Why a move to sportscars makes sense for Webber
The BBC’s decision to allow Mark Webber and Fernando Alonso to interview one another – to celebrate their concurrent 200 race milestone in Formula One – was a masterstroke. What transpired on air wasn’t anything but consummate respect between two drivers, but also a hint that both men were slightly weary of the politics that are currently underpinning their sport.
Fernando was first to admit that even the simple act of driving a go-kart was sometimes more enjoyable than piloting his F138 around some of the worlds fastest tracks. Mark was quick to agree, commenting: “You want to race at the highest level, at the best circuits and the best drivers… But you’re also open to the fact that it’s not the bubble…”
Fernando: “There’s life outside Formula One”.
The “bubble” of Formula One is one that has become more and more claustrophobic for Webber of late. Despite team-order issues at Red Bull once again rearing their head, it is the tyre issue that no doubt plagues Mark’s sport ethics. When you spend your entire career climbing the ladder to Formula One, nobody wants to spend a Sunday afternoon attacking corners like a Toyota Yaris carting ten wedding cakes.
On this note, it isn’t surprising to hear Mark say that a lot of things were going through his mind during the last few laps in Sepang. Add to this Bernie Ecclestone’s caveat about the 2014 regulations becoming: “a fuel economy run” if we’re not careful, and a case for Webber moving on to greener pastures (or faster racing) begins to make more sense.
Yes, Porsche has denied signing a 5-year contract with Webber, but then so did Ferrari when asked if pre-agreements had been made with Alonso in 2009. Le Mans is unfinished business for Webber and as a sportsman enamored with the history of the motor racing, a Le Mans crown alongside a Silverstone and Monaco victory would look none too shabby above the fireplace.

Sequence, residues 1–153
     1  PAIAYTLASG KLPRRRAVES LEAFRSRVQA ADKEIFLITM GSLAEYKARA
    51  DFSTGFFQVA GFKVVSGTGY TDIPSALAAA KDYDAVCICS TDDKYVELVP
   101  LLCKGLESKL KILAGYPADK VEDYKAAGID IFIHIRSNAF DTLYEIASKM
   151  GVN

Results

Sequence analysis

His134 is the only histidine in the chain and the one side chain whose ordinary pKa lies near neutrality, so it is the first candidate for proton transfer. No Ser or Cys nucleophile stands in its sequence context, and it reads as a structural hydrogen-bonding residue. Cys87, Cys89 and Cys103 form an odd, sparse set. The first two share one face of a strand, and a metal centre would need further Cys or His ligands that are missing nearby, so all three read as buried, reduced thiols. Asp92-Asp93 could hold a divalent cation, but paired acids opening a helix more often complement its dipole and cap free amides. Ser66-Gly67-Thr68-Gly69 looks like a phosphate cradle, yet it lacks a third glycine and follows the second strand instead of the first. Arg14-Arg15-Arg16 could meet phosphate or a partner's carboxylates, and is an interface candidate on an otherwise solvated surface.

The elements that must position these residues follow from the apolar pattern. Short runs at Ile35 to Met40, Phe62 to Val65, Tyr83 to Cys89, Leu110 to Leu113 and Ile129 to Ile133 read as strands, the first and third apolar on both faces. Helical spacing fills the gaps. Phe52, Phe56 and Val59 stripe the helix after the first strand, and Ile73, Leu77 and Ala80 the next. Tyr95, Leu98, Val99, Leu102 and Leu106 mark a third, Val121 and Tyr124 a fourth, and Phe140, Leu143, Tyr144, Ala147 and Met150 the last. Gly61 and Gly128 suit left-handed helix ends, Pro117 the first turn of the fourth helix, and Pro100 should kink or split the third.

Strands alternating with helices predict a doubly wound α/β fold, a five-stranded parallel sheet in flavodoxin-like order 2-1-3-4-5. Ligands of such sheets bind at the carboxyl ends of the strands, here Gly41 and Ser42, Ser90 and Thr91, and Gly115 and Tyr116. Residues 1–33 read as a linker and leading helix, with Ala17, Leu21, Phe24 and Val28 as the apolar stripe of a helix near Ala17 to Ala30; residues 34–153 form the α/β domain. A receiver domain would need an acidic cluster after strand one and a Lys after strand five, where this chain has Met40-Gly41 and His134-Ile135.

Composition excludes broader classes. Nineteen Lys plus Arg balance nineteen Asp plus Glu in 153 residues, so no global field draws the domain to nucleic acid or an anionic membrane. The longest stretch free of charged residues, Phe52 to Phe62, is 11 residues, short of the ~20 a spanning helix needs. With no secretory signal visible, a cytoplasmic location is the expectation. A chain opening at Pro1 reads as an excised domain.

Tyre and fuel conservation now are the major overriding considerations in Formula One – almost like sports car racing was in the 1960’s and 70’s. In contrast, Le Mans is now almost a sprint race. You only have to look at Peugeot’s reluctance to slow down their cars at Le Mans in 2010 despite increased engine stress (caused by increased grip which eventually ended their race) to realize that a performance overlap between sportscar racing and Formula One has occurred. If you’re a manufacturer keen to display you’re superiority over your competitors, entering the conservative era of Formula One isn’t going to sell you many units.
Hence Porsche’s… And Audi’s… And Toyota’s decision to commit to sports car racing; it is now the elite category in world motorsport, despite Formula One’s claims to the mantle. As such, a move to sports cars is just the tonic Mark Webber might need, but more than this, it is the team-work involved in WEC which might be the greatest allure of all.
Webber always refers to the guys working on his side of the garage as “the troops”. There is genuine affection there and they are the refuge he seeks amidst the backdrop of politics, media demands and inter-team squabbles. Furthermore, any hypothetical team-mates in WEC will be just that – team-mates – working towards a common goal, a shared interest; something he hasn’t had at Red Bull since day one. This is probably one reason why he undoubtedly could never agree to terms with Ferrari; undisputed number two status aside, partnering Fernando at Ferrari would’ve strained the friendship.
Who knows? Maybe a few years down the track the pair of them could share a seat around the Circuit de la Sarthe…
Images courtesy of Octane Photographic and F1 Fanatic
Trent Price is an amateur race driver, V8 race coach and freelance writer from Melbourne, Australia. In addition to this has his motorsport work he has written for television and film magazines and is now Race Editor of GP Week and contributes features for ESPN. Growing up in a motorsport family, Trent has attended Grand Prix’s since the late 1980′s. Trent's interviewees include; Eric Boullier, David Brabham, James Milligan, Paul Seaby, Elisabeth De Sola, Louise Goodman, Davide Valssechi, Enrique Scalibroni, Susie Wolff and Peter Windsor